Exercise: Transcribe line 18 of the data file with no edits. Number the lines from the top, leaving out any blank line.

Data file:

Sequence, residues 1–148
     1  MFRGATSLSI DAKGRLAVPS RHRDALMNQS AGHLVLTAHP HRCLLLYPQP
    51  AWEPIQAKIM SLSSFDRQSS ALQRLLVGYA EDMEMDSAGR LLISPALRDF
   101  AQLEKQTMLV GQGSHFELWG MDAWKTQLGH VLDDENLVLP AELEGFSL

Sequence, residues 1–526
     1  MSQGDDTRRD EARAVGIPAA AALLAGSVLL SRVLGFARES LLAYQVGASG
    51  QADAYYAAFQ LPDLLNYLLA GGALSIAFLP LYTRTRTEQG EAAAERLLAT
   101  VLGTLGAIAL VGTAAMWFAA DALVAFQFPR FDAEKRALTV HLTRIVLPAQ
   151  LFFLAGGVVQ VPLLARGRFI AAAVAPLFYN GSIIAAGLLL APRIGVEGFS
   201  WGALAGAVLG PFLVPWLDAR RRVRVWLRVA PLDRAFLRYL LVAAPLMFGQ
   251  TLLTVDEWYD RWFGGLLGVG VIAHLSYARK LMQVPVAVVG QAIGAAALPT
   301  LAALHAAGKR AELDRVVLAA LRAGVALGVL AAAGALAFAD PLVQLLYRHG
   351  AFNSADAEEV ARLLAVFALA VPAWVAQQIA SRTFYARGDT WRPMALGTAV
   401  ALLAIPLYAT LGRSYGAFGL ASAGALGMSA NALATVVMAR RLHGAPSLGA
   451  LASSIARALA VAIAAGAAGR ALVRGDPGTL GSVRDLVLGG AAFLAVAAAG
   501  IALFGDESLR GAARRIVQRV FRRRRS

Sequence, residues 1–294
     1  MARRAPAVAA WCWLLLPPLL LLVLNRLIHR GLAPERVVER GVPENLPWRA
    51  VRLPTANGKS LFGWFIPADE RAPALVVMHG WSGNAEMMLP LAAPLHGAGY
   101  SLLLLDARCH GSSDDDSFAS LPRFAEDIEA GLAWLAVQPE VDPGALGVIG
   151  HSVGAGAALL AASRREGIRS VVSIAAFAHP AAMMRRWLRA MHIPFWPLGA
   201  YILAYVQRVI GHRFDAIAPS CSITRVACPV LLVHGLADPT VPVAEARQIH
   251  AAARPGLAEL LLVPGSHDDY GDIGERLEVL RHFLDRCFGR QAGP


     1  MARRAPAVAA WCWLLLPPLL LLVLNRLIHR GLAPERVVER GVPENLPWRA